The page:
Photo: Gadi Kabalo
'Opportunity to showcase the good we can do' (archives)
Photo: Gadi Kabalo
800 volunteers gather for Super Sunday
UJA-Federation of New York’s annual phone-a-thon aims to raise money to care for people in need, inspire passion for Jewish life and learning, strengthen Jewish communities around globe
Drawing on the strength of the Jewish community, more than 800 volunteers will gather for UJA-Federation of New York’s annual Super Sunday phone-a-thon on January 29 to raise money that helps care for people in need, inspire a passion for Jewish life and learning, and strengthen Jewish communities around the globe.


And as part of the volunteer activities, over 120 teens in Westchester will be sorting and packaging food donations to help replenish local food pantries.


With calling centers in Manhattan, Westchester, and Long Island, UJA-Federation volunteers will call people who have given to us in the past, thank them for their support, and ask them to once again donate money to benefit the organization’s global network of more than 100 beneficiary agencies and programs.


Whether it’s helping a Holocaust survivor in Kiev receive a warm bowl of soup, helping a child with autism feel welcome and included in her synagogue community, or making it possible for vast numbers of young Jews to participate in Taglit-Birthright Israel, these programs make a difference in the lives of millions of people from all backgrounds and walks of life.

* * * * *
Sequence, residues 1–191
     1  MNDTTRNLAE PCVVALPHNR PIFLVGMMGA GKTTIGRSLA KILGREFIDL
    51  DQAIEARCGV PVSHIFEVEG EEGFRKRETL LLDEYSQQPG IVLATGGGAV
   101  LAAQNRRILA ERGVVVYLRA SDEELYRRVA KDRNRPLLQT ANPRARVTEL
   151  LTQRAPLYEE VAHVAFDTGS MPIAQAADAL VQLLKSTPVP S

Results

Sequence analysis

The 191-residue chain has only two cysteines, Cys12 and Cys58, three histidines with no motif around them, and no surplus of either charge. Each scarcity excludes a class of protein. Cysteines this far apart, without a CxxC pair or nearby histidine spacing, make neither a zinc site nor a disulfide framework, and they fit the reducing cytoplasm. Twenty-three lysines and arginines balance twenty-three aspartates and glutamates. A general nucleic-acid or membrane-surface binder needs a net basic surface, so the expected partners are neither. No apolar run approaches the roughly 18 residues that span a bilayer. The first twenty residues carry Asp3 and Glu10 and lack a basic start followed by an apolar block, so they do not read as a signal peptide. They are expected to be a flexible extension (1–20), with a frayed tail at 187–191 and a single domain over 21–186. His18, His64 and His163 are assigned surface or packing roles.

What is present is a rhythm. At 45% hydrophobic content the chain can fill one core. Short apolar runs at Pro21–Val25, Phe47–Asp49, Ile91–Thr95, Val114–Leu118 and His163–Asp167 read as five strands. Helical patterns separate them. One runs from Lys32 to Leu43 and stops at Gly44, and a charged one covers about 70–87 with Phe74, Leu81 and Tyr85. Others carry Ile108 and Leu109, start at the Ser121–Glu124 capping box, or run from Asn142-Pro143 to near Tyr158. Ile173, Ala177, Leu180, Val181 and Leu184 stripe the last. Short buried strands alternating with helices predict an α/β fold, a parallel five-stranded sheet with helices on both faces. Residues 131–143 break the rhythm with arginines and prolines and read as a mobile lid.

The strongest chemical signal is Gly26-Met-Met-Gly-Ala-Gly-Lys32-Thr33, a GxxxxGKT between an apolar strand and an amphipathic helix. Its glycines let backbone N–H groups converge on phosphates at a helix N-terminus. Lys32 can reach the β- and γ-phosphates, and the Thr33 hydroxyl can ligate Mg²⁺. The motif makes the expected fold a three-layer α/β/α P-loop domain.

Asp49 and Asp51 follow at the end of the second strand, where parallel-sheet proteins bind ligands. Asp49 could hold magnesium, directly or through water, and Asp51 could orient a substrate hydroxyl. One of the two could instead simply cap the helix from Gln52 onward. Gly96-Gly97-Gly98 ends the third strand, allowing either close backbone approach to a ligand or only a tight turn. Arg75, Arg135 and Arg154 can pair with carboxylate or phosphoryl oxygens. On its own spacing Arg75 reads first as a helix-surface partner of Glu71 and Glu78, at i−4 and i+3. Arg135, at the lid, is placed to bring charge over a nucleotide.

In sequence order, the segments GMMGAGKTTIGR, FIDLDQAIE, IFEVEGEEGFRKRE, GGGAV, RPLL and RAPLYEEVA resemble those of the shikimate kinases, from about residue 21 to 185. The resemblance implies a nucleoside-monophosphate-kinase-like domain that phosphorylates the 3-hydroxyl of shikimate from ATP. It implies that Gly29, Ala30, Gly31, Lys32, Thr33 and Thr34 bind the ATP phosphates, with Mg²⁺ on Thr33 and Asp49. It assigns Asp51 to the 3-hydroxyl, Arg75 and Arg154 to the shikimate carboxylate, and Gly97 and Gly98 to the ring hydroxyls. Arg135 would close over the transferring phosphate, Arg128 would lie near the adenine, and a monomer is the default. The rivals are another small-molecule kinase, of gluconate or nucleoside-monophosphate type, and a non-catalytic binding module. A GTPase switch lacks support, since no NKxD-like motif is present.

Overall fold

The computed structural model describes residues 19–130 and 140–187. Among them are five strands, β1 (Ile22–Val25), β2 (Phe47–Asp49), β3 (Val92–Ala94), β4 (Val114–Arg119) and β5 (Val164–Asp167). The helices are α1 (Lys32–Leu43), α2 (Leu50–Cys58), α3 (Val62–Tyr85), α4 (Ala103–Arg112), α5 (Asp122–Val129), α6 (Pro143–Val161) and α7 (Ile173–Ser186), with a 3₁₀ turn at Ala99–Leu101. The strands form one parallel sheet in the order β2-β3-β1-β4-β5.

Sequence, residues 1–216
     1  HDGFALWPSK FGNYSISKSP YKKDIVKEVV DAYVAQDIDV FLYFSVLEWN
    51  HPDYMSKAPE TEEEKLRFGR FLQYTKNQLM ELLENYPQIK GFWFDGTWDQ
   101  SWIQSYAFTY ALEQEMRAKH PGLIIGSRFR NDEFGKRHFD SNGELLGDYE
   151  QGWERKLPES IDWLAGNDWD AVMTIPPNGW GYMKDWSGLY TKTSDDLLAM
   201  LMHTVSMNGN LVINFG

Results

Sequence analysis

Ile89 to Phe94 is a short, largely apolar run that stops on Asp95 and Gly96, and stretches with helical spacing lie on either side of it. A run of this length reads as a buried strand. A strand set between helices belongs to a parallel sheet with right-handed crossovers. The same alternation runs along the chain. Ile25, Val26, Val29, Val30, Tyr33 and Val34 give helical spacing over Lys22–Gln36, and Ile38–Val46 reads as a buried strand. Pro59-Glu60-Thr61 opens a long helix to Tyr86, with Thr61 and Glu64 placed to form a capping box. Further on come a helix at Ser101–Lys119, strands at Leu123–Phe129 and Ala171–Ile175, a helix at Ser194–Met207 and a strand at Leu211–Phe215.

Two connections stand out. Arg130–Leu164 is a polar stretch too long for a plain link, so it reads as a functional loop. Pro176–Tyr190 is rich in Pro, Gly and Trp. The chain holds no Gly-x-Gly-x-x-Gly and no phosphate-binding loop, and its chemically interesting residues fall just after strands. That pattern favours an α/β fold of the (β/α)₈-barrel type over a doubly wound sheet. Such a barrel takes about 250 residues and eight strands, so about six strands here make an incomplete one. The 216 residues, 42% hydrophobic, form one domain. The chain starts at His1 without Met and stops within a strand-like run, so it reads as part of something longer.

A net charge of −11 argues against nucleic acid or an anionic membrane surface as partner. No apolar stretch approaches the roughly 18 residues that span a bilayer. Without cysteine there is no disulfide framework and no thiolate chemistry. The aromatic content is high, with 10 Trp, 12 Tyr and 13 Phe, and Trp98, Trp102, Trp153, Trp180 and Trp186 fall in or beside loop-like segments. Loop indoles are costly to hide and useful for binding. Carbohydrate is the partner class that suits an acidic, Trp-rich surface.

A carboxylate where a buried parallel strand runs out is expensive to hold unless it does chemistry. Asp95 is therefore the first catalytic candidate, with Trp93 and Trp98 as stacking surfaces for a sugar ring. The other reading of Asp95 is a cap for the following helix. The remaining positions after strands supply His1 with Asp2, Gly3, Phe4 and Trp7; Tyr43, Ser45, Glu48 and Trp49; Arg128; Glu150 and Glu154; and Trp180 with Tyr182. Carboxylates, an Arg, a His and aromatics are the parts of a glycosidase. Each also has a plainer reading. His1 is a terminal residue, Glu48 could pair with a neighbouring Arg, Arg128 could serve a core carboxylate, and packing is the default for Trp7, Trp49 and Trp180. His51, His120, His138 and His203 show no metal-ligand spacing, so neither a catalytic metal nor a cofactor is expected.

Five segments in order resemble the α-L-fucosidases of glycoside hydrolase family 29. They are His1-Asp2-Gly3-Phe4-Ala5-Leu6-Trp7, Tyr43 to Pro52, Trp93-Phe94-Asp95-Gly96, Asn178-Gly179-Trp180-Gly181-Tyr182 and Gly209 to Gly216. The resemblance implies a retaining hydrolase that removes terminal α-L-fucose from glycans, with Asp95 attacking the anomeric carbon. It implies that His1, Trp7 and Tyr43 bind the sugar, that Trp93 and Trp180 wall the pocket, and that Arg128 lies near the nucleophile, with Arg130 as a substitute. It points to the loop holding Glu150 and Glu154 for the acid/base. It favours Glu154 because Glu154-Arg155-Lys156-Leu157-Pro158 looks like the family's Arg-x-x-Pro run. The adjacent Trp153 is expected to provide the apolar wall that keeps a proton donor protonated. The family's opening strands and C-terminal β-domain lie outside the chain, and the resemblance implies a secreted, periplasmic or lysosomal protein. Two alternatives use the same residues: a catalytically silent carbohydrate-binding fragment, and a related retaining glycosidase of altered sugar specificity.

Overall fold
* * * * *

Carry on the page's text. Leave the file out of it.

Super Sunday not only raises money, it also serves as a way to bring together different communities from the New York metropolitan area.


From lay leadership, to agency staff and volunteers, to Hillel students, to the Russian presence, this event emphasizes the importance of community involvement and dedication.


“Super Sunday exemplifies UJA-Federation’s successful efforts at addressing the needs of and caring for the Jewish community both here and abroad,” said Ilene Marcus, a Super Sunday chair and chief of staff at the Metropolitan Council on Jewish Poverty.


“It demonstrates community building and philanthropic commitment that sets an example for younger generations of Jews.”


“Each of us can help in our own individual way, but when we leverage our collective voice, we can multiply our impact and truly make a difference in the lives of everyone in need,” said Alex Budnitsky, a Super Sunday chair and CEO and executive director of the Edith and Carl Marks Jewish Community House of Bensonhurst.


“Super Sunday is an opportunity to showcase the good we can do when hundreds of people come together with the shared goal of making life better for millions of individuals and families throughout the world.”



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